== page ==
Elizabeth Patitsas explored the question of whether there are innate differences between students that lead to success or failure in introductory CS (see paper here). She does not prove that there is no so-called Geek Gene. We can’t prove that something does not exist. She does show that (a) that grades at one institution over many years are (mostly) not bimodal, and (b) some faculty see bimodal grade distributions even if the distribution is normal. If there was something else going on (Geek Gene, aptitude, whatever), you wouldn’t expect that much normality. So she gives us evidence to doubt the Geek Gene hypothesis, and she gives us a reasonable alternative hypothesis. But it isn’t definitive proof — that’s what Ahadi and Lister argued at ICER 2013. We have to do more research to better understand the problem.

Are Patitsas’s results suspect because they’re from an elite school? Maybe. Asking that question is really common among CS faculty — Lecia Barker found that that’s one of the top reasons why CS faculty ignore CS Ed research. We discount findings from places unlike ours. That’s why Multi-Institutional, Multi-National (MIMN) is such a brilliant idea. They control for institutional and even national biases. (A MIMN study showing the effectiveness of Peer Instruction is in the top-10 SIGCSE papers list.)

In my research group, we’re exploring spatial reasoning as one of those skills that may be foundational (though we don’t yet know how or why). We can measure spatial reasoning, and that we can (pretty easily) teach. We have empirically shown that wealth (more specifically, socioeconomic status (SES)) leads to success in computing (see this paper), and we have a literature review identifying other privileges that likely lead to success in CS (see Miranda Parker’s lit review).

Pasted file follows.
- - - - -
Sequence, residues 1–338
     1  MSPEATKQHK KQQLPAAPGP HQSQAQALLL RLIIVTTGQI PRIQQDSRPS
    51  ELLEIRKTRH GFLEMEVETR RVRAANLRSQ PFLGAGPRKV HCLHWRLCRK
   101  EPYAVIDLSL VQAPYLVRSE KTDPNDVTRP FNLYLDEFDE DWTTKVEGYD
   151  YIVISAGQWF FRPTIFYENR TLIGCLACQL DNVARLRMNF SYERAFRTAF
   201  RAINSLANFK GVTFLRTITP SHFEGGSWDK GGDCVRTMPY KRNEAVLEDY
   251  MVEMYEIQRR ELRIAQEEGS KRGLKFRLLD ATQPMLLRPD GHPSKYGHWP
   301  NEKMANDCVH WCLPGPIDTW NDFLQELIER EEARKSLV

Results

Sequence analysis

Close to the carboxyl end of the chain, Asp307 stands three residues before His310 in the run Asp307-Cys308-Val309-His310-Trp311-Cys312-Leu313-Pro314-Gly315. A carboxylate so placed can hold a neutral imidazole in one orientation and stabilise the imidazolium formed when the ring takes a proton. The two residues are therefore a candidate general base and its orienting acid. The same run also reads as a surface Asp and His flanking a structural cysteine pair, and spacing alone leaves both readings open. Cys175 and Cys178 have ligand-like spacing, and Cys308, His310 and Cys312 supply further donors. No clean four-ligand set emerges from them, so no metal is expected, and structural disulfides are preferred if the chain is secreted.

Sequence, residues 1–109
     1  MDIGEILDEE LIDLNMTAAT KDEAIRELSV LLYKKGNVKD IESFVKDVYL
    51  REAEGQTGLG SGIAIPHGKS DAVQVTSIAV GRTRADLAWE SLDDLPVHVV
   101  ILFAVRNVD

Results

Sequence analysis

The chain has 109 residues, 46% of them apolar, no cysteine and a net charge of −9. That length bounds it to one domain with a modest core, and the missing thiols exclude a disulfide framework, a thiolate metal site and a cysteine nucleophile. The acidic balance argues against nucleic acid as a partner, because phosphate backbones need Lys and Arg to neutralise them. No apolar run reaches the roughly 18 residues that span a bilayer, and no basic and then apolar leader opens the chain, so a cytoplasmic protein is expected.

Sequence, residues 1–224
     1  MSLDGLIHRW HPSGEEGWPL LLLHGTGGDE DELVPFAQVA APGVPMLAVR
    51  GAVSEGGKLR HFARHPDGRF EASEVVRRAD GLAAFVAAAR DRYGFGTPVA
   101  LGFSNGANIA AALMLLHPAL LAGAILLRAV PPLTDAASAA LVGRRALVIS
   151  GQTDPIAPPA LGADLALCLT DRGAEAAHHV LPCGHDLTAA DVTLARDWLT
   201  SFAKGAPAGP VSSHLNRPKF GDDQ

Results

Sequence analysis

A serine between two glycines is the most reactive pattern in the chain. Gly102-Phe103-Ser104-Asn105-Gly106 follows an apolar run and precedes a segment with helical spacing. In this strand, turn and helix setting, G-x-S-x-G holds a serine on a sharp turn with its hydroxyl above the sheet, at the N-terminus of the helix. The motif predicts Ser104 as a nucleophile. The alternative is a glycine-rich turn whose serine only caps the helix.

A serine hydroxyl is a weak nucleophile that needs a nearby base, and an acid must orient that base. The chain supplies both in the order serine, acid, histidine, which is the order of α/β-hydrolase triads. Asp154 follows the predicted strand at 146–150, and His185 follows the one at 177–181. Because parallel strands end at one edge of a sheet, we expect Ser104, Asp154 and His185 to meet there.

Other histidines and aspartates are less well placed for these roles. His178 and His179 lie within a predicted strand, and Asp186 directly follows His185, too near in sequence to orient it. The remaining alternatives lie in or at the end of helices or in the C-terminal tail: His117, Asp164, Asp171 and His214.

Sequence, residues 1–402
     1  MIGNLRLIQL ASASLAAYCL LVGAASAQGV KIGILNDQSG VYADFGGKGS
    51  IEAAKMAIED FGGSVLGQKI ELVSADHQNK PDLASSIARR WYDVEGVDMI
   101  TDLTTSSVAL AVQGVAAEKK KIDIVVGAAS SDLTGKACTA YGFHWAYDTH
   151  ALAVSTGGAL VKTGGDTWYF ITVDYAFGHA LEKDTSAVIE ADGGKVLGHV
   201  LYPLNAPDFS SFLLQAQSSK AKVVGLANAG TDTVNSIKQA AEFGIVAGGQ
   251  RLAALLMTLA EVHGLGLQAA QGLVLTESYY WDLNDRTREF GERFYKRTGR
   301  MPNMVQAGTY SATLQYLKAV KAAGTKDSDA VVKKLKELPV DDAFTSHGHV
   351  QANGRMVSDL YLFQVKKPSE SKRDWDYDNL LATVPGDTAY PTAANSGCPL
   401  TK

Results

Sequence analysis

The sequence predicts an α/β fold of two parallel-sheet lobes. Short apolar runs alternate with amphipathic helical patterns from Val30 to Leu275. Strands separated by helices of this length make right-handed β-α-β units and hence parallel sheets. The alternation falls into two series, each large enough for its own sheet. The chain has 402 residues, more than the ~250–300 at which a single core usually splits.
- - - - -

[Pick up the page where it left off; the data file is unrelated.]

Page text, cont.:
I am concerned about the goals of the working group. The title is “Towards an Ability to Direct College Students to an Appropriately Paced Introductory Computer Science Course.” The first line of the description is:

We propose a working group to investigate methods of proper placement of university entrance-level students into introductory computer science courses.

The idea is that we might have two (or more) different intro courses, one at a normal pace and one at a remedial pace. The overall goal is to meet student needs. There is good evidence that having different intro courses is a good practice. Most institutions that I know that have multiple introductory courses choose based on major, or allow students to choose based on interest or on expectations of abilities. It’s a different thing to have different courses assigned by test.